New Kroll study shows stronger investment returns for companies with high ESG ratings
Kroll, the leading independent provider of global risk and financial advisory solutions, today announced the launch of its ESG and Global Investor Returns Study, which examines the relationship between historical returns of publicly traded companies and their ESG ratings globally. Kroll analysed data on over 13,000 companies across a variety of industries around the globe and found that companies with better ESG ratings outperformed their peers with lower ratings.
In the UK, the study found that 41% of companies analysed are considered ESG “Leaders” (as rated by MSCI), earning an average annual return of 6% (in US$ terms). This is in stark contrast with the negative performance (-2.5%) by ESG “Laggards”. These figures are a reflection of the proactive stance of both UK and European business when it comes to advancing ESG practices and regulations.
When compared to other regions, Europe’s figures stood out as particularly strong, with nearly a third of companies being rated as Leaders (as of December 2021). By comparison, just 10% of North American and 6% of Asian companies achieved Leader ratings. These geographies also had a higher proportion of Laggards at 17% in North America and 38% in Asia. In addition, the study revealed that European ESG Leaders earned an average annual return of 10.0%, compared to an average of 7.0% for Laggard companies. Globally, ESG Leaders earned an average annual return of 12.9%, compared to an average 8.6% annual return earned by Laggard companies. This represents an approximately 50% premium in terms of relative performance by top-rated ESG companies.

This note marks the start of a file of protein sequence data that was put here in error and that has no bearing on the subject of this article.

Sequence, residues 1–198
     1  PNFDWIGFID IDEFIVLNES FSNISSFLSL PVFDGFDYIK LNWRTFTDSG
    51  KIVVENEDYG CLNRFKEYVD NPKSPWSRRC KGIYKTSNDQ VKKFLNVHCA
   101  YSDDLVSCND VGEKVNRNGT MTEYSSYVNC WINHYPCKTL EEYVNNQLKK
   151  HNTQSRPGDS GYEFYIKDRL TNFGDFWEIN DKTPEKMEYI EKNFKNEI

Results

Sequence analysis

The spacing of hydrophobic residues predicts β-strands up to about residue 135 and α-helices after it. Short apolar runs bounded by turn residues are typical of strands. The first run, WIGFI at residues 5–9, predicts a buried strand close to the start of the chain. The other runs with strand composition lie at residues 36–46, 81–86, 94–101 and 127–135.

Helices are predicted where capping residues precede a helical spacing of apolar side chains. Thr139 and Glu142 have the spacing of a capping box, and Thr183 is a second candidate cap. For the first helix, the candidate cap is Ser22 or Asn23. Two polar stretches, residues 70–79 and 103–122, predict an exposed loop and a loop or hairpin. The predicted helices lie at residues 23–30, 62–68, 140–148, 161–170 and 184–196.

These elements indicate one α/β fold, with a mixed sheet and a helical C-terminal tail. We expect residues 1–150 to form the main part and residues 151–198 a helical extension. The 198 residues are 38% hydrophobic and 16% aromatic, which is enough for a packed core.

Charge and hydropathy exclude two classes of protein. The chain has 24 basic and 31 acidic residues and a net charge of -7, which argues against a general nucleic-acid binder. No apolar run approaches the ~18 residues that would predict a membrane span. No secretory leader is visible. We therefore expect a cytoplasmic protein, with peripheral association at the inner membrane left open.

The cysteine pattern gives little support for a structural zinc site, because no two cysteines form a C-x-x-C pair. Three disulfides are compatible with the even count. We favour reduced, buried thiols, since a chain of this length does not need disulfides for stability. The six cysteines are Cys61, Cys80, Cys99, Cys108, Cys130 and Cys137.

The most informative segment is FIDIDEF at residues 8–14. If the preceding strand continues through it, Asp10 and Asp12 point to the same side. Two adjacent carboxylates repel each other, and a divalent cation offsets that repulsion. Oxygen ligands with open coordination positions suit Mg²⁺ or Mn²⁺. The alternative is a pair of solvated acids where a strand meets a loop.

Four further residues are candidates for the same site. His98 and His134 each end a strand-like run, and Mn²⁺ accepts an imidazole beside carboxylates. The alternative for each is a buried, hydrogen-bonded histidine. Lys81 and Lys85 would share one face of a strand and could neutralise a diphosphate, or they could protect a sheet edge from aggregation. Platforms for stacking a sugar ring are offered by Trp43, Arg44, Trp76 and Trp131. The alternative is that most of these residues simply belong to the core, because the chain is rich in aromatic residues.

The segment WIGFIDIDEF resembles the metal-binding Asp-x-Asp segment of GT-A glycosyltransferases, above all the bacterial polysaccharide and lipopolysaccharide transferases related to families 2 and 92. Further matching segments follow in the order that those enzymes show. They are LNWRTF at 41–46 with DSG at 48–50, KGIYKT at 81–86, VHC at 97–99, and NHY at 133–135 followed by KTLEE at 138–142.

“The strong UK figures reflect the country’s withstanding commitments to ESG initiatives and regulations. However, the future of ESG and sustainability investing will depend on investor confidence in the reliability of ESG ratings and ESG disclosures and their relevance as an indicator of public company performance,” stated Carla Nunes, managing director and global leader of the Valuation Digital Services Group at Kroll. “Quantitative analysis of the relationship between ESG ratings and equity returns is a critical component for evaluating ESG-based investment decisions. Increased regulation around ESG ratings is likely to bring some uniformity to the field.”
As new global regulatory and financial reporting standards are set, ESG investing will likely remain an important driver of investment decisions with management teams, investment firms, regulators and standard setters. A strong ESG materiality framework for identifying and assessing dynamic ESG factors is critical for effective reporting. Because the concept of materiality differs between ESG disclosure standards and proposals, there will be an increased need for complex data-gathering processes, which will require technology solutions and a close attention to internal controls.
“The strength of these results for the UK and Europe can be underpinned by the region’s long-standing commitment to ESG and sustainability issues. It comes as no surprise that Europe is at the forefront, and with significant legislation like the EU Sustainable Finance Disclosure Regulation (SFDR) coming into force earlier in the year, and the just-approved European Sustainability Reporting Standards (ESRS), we can expect this trend to continue,” Nunes added.